2. Steps always in the right direction, never skipped
Once you've got the team assembled, it's time to get to work. The challenge with inspections is that they need to be thorough, which means they involve a lot of steps. Luckily, you can pack a lot of information into a preventive maintenance work order, including:
- Digital images and schematics
- Interactive floor plans
- Customizable step-by-step instructions
- Customizable checklists
With digital images and interactive floor plans, the team knows exactly where to go and what they're looking for when they get there. Interactive floor plans are especially helpful when making sure everything is where it should be. For example, a lot of workstations require fire suppression, and the team can use the floor plans to compare where extinguishers should be to where they actually are.
every workstation quickly found
And with clear instructions and checklists, nothing gets overlooked. Even when the members of the team change over time, inspections remain consistent.
and then thoroughly checked
Even better than being consistent, inspections can steadily improve. Remember, the instructions and lists are customizable, so you can add and adjust after each inspection.
3. Follow-up is direct, quick
The goal of inspections is not to find problems. It's to find them and then fix them. With maintenance management software, as soon as the team finds an issue that can be fixed by the maintenance department, they can create an on-demand work order.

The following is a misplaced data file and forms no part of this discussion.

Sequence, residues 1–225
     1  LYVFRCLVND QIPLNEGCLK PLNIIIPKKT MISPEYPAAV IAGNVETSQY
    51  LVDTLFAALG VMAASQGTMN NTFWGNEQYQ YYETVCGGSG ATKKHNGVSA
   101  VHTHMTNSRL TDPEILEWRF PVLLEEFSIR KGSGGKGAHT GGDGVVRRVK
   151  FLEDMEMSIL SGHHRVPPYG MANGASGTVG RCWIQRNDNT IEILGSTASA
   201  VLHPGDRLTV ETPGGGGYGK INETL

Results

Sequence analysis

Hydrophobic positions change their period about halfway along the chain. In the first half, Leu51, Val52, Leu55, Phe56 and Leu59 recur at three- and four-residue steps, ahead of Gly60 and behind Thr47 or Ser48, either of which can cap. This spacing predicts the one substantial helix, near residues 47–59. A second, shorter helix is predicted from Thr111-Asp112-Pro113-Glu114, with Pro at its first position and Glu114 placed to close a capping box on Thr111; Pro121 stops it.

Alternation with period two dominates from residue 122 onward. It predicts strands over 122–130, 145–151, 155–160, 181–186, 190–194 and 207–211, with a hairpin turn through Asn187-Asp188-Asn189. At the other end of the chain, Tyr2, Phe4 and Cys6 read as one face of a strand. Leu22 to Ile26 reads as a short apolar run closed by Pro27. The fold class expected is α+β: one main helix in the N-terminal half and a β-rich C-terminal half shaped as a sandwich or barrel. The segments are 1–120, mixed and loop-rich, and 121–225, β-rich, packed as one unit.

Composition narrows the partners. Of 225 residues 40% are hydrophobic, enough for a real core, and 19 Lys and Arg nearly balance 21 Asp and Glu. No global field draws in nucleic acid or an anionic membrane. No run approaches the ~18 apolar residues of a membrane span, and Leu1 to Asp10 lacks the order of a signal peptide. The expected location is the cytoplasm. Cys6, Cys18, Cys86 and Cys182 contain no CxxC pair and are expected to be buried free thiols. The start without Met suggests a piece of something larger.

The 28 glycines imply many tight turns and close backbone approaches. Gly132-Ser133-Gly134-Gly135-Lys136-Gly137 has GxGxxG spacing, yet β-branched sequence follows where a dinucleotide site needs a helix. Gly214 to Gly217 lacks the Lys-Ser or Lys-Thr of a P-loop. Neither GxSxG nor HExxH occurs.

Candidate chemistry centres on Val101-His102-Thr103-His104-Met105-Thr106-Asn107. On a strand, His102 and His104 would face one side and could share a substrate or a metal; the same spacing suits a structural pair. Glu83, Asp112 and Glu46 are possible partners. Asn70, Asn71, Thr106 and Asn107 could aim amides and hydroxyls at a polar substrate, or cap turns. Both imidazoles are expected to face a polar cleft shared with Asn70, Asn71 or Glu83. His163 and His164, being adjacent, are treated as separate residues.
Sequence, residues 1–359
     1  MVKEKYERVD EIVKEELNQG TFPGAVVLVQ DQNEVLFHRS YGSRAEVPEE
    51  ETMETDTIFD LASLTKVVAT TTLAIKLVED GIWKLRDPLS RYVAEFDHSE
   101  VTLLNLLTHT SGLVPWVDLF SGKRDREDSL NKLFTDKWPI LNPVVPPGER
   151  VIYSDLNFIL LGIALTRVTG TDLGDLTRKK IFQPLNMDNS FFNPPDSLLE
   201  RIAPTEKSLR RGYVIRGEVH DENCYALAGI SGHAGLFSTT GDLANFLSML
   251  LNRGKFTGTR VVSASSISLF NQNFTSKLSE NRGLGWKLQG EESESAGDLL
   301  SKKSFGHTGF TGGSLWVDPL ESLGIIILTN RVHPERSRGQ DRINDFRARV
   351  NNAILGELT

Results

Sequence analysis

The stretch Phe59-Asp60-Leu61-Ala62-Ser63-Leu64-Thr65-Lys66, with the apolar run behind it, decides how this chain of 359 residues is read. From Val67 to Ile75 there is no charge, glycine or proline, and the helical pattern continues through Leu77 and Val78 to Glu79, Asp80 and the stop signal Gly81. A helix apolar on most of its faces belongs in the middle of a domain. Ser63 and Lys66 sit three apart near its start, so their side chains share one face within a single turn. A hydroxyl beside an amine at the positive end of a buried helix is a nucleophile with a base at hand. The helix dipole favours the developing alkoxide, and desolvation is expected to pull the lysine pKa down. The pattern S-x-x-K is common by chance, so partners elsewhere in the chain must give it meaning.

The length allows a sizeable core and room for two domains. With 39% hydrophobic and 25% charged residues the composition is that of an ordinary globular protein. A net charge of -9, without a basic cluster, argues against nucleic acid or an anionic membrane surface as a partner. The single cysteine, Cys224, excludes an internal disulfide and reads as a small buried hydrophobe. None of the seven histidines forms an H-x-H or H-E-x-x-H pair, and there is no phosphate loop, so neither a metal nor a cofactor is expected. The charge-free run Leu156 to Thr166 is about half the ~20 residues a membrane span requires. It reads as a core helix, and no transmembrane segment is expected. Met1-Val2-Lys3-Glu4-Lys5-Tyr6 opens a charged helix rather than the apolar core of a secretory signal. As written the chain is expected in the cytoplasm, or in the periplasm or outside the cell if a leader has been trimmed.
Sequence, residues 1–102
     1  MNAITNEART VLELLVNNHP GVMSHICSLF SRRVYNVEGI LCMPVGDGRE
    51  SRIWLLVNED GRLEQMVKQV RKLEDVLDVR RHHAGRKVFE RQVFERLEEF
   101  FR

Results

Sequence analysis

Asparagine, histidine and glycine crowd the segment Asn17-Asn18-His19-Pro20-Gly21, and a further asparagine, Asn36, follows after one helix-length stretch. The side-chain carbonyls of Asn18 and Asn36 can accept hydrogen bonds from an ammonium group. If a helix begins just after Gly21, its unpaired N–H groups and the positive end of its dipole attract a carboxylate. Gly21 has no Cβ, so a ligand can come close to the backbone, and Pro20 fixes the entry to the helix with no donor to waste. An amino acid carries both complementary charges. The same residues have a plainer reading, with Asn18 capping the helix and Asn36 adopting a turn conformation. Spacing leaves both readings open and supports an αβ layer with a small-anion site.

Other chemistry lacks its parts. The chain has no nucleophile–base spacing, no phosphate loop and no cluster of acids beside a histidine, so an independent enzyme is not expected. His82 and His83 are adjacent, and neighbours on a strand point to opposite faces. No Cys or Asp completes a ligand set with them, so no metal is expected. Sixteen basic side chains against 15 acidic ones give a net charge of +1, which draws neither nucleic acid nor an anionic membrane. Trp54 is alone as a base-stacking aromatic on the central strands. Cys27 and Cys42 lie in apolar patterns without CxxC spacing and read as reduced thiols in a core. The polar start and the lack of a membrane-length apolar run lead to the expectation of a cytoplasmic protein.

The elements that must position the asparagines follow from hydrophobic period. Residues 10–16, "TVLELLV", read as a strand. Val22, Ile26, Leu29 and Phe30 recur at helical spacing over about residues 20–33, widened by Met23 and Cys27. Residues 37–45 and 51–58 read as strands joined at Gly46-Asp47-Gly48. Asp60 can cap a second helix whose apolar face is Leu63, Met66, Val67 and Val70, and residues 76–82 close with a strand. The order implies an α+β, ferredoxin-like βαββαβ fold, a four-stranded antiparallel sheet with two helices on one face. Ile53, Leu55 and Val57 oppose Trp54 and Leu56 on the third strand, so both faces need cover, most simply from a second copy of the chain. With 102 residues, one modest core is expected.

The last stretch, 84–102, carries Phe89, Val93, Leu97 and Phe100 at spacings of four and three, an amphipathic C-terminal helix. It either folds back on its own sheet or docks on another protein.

The team can do this one of two ways. They can use the request portal to submit a work order ticket, which is then sent to the maintenance department, where the work order software generates a work order, prioritizes, delegates, and tracks it. It's a perfectly good solution. Or, the team can go in and generate their own work order. In both cases, the on-demand work order can be associated with the existing inspection preventive maintenance work order. That way, the on-demand work order has some context, and because it's connected to the inspection PM, the maintenance department can see right away why it was generated. Every time the team finds a problem, a new on-demand work order can be generated and associated with the original PM.
associated on-demand work orders generated on the spot
With maintenance management software (also known as facility management software, the maintenance department knows right away about any problems discovered during inspections.
Remember, inspections cover all kinds of territory, and not every solution is going to involve the maintenance department. But the ones that do are systematically addressed with on-demand work orders.